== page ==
Clive Barker says of M. John Harrison, "His books are fictions of elegant delirium, dark and transcendent by turns." Ramsey Campbell calls him "the master of enigma, whether human or supernatural." Like Jonathan Carroll, Harrison is a British writer who transgresses conventional genre boundaries. Signs of Life
is about Mick "China" Rose, an unassuming fellow who runs a shady and lucrative medical-transport-cum-waste-disposal business. Along with his partner, Choe, and his lover, Isobel, China drives souped-up vehicles at ferocious speeds through a dreamlike world where dystopian fantasies of biomedical wrongdoings blend with the subtly shifted reality of Harrison's Britain. Choe is a self-destructive child-man who thrashes from an unattainable idyllic past to an unstructured future full of gangsters and rancid waste dumps. Isobel values beauty and longs for physical transformation. As their destinies unfold, the story is not quite horrific, but it's superbly written and chilling, the kind of novel that will haunt you for days.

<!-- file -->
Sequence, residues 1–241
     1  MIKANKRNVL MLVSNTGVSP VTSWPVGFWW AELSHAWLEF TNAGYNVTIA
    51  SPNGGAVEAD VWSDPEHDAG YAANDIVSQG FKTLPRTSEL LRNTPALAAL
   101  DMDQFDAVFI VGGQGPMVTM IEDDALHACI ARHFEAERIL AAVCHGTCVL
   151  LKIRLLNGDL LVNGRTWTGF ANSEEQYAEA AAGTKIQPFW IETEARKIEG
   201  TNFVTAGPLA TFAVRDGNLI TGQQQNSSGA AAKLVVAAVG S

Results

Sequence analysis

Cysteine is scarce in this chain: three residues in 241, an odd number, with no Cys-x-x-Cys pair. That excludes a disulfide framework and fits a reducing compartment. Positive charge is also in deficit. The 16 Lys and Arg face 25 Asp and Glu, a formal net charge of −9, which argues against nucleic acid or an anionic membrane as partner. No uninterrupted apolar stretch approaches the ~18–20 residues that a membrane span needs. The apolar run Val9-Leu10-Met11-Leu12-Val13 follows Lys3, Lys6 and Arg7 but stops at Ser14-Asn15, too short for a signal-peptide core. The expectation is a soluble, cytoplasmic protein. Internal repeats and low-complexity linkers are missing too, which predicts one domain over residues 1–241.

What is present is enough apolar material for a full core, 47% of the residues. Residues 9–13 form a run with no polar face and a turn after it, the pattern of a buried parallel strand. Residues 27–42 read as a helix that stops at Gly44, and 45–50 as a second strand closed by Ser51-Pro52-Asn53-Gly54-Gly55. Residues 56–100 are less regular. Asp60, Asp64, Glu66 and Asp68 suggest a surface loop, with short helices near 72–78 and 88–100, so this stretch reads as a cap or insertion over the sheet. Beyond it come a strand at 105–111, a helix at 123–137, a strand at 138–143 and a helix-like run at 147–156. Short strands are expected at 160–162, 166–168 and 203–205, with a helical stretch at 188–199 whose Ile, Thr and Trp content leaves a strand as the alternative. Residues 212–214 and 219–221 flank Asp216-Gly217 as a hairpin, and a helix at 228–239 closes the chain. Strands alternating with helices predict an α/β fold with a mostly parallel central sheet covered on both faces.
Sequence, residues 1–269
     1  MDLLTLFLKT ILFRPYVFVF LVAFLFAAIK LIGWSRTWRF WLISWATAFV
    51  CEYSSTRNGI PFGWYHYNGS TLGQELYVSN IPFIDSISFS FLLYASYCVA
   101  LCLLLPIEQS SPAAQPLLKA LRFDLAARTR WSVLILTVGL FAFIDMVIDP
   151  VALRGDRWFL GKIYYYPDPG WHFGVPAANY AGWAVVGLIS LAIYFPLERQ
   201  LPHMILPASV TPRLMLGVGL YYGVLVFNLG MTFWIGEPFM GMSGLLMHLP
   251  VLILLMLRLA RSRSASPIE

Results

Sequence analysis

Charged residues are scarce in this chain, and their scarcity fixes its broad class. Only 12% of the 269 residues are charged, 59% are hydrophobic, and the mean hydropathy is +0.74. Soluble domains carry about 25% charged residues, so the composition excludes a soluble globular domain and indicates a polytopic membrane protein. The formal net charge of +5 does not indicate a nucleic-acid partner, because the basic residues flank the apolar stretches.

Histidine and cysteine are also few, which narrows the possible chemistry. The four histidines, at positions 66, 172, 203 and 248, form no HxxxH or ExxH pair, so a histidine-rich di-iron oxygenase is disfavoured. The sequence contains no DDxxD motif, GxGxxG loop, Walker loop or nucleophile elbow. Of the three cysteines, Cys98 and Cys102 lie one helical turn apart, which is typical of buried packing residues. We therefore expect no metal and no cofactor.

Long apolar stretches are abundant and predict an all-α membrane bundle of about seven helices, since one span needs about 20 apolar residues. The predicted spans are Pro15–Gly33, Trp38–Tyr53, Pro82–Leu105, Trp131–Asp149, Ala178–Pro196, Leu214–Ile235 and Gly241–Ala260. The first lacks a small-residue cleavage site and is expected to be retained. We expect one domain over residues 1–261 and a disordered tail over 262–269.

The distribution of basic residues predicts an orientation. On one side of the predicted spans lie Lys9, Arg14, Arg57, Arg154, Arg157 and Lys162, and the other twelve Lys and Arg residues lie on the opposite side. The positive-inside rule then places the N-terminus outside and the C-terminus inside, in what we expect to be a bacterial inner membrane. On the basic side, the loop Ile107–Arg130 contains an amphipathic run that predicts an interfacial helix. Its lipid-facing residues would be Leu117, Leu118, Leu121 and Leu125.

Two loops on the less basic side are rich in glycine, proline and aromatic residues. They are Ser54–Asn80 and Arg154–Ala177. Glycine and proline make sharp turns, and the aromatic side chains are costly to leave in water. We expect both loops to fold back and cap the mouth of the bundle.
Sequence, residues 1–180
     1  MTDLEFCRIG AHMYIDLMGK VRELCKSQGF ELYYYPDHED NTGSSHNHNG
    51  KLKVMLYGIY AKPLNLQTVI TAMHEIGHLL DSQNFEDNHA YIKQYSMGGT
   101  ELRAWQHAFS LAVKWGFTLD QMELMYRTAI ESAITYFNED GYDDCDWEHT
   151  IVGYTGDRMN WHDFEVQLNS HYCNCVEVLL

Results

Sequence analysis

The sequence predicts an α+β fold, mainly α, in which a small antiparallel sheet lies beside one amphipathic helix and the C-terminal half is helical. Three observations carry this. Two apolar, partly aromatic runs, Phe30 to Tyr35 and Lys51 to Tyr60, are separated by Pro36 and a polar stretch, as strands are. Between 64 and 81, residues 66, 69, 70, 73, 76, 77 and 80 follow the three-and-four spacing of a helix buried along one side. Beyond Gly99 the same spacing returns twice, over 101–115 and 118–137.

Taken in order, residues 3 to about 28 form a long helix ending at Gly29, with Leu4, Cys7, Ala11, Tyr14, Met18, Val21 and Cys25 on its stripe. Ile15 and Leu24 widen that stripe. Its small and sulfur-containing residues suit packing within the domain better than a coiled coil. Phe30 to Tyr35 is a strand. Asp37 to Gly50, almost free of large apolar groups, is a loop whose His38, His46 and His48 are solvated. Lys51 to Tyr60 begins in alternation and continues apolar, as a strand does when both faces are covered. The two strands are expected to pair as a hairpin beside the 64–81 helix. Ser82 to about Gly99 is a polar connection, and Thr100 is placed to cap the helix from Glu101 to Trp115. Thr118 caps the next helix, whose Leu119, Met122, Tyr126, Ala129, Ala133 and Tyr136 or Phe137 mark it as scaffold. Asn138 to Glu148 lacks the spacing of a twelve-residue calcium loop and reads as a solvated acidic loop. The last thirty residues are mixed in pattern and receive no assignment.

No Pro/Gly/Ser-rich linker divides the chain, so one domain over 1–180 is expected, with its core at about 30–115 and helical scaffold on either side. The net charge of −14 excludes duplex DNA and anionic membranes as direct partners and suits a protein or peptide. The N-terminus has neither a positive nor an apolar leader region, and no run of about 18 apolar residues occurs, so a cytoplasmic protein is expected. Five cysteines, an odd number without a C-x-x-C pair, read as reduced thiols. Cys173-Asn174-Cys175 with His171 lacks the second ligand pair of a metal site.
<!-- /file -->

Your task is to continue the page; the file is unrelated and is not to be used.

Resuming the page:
From Kirkus Reviews
Mainstream contemporary about the sometimes destructive nature of dreams, from the British author of various science-fiction novels (A Storm of Wings, 1980, etc.). Mick ``China'' Rose starts up a medical courier service with associate Choe Ashton, who's given to erratic behavior and gnomic utterances. Their first job is illegally to dump a load of hazardous medical waste. Meanwhile, waitress Isobel Avens, China's live-in lover, dreams, literally, of flying. But as his business expands, Isobel becomes increasingly unhappy, complaining that she can no longer fly in her dreams; soon she leaves China for rich doctor Brian Alexander (one of China's clients) and disappears into Brian's Miami clinic. In a rare moment of candor, Choe tells China about a transcendental experience he once had at beautiful Jumble Wood involving a green-eyed woman; unable either to comprehend or repeat the experience, Choe makes an annual pilgrimage to the spot. Then Isobel phones. Rejected by Brian, she's now almost constantly ill after mysterious--and illegal--treatments in Miami. Slowly, horrifyingly, China watches as the treatments begin to take effect: Isobel grows feathers while her metabolism turns birdlike; but she still can't fly and attempts suicide. China takes her to Brian and demands help. Eventually, Isobel recovers, physically, but she can't, or won't, give up her dream, and China leaves her. Choe, meanwhile, now rich through an association with gangsters, has bought Jumble Wood and turned it into a toxic waste dump. A fascinating and terrible little tale, illuminated from unfamiliar perspectives in a spare and glowing prose. -- Copyright ©1997, Kirkus Associates, LP. All rights reserved.